Eventually, Jack Cohn may run out of material for his Screen Snapshots, but just at present he continues to go along at a high rate of speed, this issue maintaining the standard set in the other releases of the series. Beyond doubt, the offering will hold the attention of live picture fans, for it is made up of the sort of material they like, is titled in a manner that maintains the proper light atmosphere and brings to the fore the personalities of film people of prominence.
Lillian Gish at play with a dog appears in the opening bit of footage, after which the manner in which a scene on a ship is staged is shown. The latter portion has been reproduced nicely, the scene being shown first as it will appear in the production under way, after which the spectator is carried further back so that he may perceive the deception. Mary Pickford occupies the center of the screen just long enough to be seen accepting one of her numerous presents, a little bale of cotton, and is followed by a scene at the Christie studios. Maurice Tourneur and Hope Hampton are seen for a while later on and to close it, Max Linder, the French comedian, engages in some fisticuffs with the director. Reels of this sort, which incidentally are similar to a series released not long ago by another concern, while not necessarily big drawing cards, are just the things to help build up a steady neighborhood patronage.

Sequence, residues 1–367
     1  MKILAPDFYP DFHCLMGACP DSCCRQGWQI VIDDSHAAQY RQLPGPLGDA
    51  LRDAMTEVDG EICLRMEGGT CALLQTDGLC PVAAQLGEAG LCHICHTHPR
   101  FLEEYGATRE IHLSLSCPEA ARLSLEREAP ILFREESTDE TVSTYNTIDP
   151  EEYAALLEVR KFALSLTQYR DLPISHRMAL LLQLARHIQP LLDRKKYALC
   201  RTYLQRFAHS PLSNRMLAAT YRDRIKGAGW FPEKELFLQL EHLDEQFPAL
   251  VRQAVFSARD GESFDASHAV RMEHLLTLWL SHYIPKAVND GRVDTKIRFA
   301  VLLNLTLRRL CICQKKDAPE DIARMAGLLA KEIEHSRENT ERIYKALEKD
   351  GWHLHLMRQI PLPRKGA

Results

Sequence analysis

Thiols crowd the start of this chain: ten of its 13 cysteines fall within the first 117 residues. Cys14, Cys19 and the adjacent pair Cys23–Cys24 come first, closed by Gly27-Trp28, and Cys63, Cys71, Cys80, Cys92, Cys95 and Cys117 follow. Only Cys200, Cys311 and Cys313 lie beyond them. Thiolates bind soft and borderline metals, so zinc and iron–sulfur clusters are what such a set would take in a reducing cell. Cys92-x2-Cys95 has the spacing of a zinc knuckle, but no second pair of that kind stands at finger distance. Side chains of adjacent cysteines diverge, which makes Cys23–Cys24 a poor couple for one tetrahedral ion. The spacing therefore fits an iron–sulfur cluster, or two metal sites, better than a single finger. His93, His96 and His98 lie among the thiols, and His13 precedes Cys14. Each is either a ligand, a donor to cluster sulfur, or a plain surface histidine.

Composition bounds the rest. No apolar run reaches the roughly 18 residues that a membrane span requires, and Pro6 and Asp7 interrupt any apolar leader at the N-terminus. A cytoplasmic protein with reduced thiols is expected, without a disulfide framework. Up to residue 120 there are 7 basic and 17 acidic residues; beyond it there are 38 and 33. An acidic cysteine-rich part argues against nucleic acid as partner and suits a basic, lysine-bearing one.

When Mamaroneck Upstaged Hollywood – By Bruce Berman (The New York Times – June 19, 1977) When Mamaroneck Upstaged Hollywood By Bruce Berman The New York Times – June 19, 1977 BACK in the early 1920’s when Mamaroneck was a center of movie‐making, Joseph Rigano was an employee of D.W. Grif fith’s studio at Orienta. “I was atone mason and mechanic,” the energetic 80year‐old said as we toured on foot Edgewater Point, at the top of the Orienta Peninsula. Griffith Studios, Orienta Point, Mamaroneck NY 1921 “After the studio was finally built, Mr. Griffith asked me to stay on as a set builder. Stone fireplaces were my specialty, but I worked on everything from Gothic walls to painted desert backdrops. The actors were almost always friendly, and I was getting $55 a week and drove a $1,200 Buick. What more could a young man desire?” DW Griffith filming team – Mamaroneck NY – Way Down East In those days the area was less the “East Coast Hollywood” than Hollywood was “the West Co
Portrait of Lillian Gish and Mother 1920 Nell Dorr Errata: Amon Carter Museum description "Lillian Gish and an elderly woman in lace"; The Movies, Mr.Griffith and Me description of this photo session - "with Mother"
The Movie Magazines and Lillian Gish … The moving Picture World 1914 detail The moving Picture World 1914 The moving Picture World 1914 detail Moving Picture World, November 21, 1914 Her Awakening – Lillian Gish The Angel of Contention Poster The moving Picture World – Mutual Program – A Question of Courage names wrong Lillian Gish And Dorothy The moving Picture World – Mutual Program – The Sisters The Birth of a Nation (David W. Griffith Corp., 1915). Herald2 Sold for Marriage Triangle Plays Program 1916 lillian_gish_photoplay_1917 08 ID Photo Back to Lillian Gish Home page Photoplay, August, 1918 – Dorothy and Lillian Gish in their dressing room Lillian Gish Photoplay August 1918 Lillian Gish Photoplay February 1919 Lillian Gish Photoplay, July, 1919 Back to Lillian Gish Home page Lillian Gish Photoplay October 1920 Orphans of The Storm Prog Herald 1921 Lillian Gish 1921 – The Girl Back Home Motion Picture Classic Magazine (Brewster, 1921) The Lily Maid from Ohio Ph